By Sudeep Stauble
A mother struggles to balance her writing career and take care of her family. A student with an eating disorder strives every day to pursue her goal of helping those with similar issues. What do these struggles have in common? They belong to any of us, whether you’re a celebrity or merely an ordinary person. Maybe you have a mental illness. Maybe you suffer the stress of a chronic medical issue while juggling a full course load. Maybe, after years of enduring hardship after hardship, you suddenly find yourself breaking down in paroxysms of hopeless sobs.
We often associate acts of heroism as committed by soldiers, police officers, firefighters, or, for some of us nerds, comic-book characters in tights or capes. However, we fail to recognize the heroes all around us, ordinary men and women who face daily challenges just to get by. While it is true soldiers and police are heroic, the day-to-day sacrifices of these everyday heroes deserve just as much recognition.
Most of us recall being asked, “What do you want to do when you grow up?” Little do we realize that our goals are often impacted by what we have endured. Brittany Dutton, a student at Southern Maine Community College, is majoring in human services and psychology. When asked about her goals, she told me, “I want to get my doctorate in psychology so that I can be an eating-disorder psychologist and help people who are struggling.” Ten years ago she was diagnosed with an eating disorder. This mental illness impacted her in multiple facets of her life. Her relationships were nearly destroyed, and her health was deteriorating. She has stated that, after spending six weeks in an eating-disorder center, she has striven every day to pursue this noble endeavor. She continues to remind herself that she is in recovery, which enables her to fight her battle with her disorder.
While some of us can go through the motions and live through the monotony of every day, there are those whose days are full of challenges. Brittany Lewis, age 29, described her daily routine and the balancing act between her writing career and caring for her children. “My youngest is autistic and he receives ABA therapy, occupational therapy, physical therapy, speech therapy and has a special-education teacher. They all work with him at our home. In between helping the therapists, I do my best to work on my author career for several hours a day; writing, editing, growing my following on social media and doing interviews are just some of the things I do for work. After all my son’s therapy is over around noon, I stop working and focus on cooking and cleaning. I pick up my daughter from the bus stop at 3:50 p.m. and we do her homework before I cook, serve and then clean up dinner, give them baths and get them ready for bed.”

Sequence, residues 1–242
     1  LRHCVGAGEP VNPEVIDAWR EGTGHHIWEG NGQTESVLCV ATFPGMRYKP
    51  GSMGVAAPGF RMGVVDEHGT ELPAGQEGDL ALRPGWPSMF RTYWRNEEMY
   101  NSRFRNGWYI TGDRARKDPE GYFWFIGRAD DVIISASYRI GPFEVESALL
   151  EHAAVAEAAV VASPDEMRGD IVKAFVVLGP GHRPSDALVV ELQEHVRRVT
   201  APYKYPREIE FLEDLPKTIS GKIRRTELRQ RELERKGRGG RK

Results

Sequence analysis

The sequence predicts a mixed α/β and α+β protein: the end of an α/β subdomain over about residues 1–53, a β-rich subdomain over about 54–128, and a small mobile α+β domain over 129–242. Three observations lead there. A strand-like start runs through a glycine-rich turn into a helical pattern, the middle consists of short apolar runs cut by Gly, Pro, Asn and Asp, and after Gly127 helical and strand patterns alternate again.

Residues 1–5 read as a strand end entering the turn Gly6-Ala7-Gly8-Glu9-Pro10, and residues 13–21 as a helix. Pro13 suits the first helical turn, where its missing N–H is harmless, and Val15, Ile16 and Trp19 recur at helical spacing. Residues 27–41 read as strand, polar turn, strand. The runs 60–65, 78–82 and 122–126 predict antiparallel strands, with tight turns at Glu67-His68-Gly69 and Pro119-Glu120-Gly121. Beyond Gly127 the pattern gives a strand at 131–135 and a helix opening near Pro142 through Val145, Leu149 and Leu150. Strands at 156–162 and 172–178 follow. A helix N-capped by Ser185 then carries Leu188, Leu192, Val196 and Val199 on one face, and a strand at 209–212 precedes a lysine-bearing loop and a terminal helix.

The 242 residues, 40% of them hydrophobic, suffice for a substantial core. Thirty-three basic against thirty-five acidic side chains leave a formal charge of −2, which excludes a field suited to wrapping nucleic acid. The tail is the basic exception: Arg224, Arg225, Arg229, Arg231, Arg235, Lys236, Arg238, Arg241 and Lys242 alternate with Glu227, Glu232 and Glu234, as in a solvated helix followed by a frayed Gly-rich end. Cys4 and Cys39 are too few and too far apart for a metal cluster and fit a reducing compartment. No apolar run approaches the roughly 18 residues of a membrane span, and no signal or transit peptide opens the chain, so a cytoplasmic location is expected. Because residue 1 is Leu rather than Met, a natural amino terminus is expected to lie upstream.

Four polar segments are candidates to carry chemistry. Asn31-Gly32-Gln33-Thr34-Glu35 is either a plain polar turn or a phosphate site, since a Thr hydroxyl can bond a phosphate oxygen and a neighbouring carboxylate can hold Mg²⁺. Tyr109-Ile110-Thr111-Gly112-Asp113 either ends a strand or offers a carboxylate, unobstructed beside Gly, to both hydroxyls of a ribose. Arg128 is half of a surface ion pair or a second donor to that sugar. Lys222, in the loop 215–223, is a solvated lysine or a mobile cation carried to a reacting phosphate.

As a writer, I can relate to her to some degree. While I myself am not a parent, it’s all I can do to imagine how difficult a task it would be to divide my time between my aspirations and my family. I admire her dedication to her family and her passion as a writer in spite of what she has been through. In fact, I often express to her my admiration. She has inspired me to finally take my own writing passion seriously.
When looking back, my sources have relayed to me that their battles with their respective demons have shaped them into the people they are today. An anonymous source remarked, “As a gay woman, I want to advocate for marginalized communities.” She has explained that growing up, she often faced stigmas regarding homosexuality. As such, she would like to put to rest those negative viewpoints and impact society and advocate for those without a voice.
When asked how her struggles have affected her, Dutton explained that she feels she can “take care of people better because of what I went through.” By the same token, Lewis explained, “Having my son has helped me to be more patient and more aware of children with special needs in general. Autism was something I didn’t know very much about before he was born. With my own health issues, it has helped me to want to have much deeper relationships and helped me to strive to work that much harder to reach my professional goals.”
Have you ever felt as though you were at your wit’s end? As though you were running on reserve energy, that your suffering would never end? I know I certainly have. There are those who persevere through their suffering by reminding themselves that this is temporary.
Throughout my interactions in my research, I kept contemplating role models. We all have someone we admire, sometimes wishing we were them. These may include celebrities, leaders, even heroic characters in film or literature. But for me, role models are ordinary people who have flaws, people who overcome obstacles and strive to pursue their goals, people who persevere when night is darkest before dawn. These people possess qualities and virtues by which I myself try to live, qualities such as courage, ambition, and confidence. I cannot build monuments, paint portraits, or plaques for them. But through my writing, I hope to pay them an homage long overdue.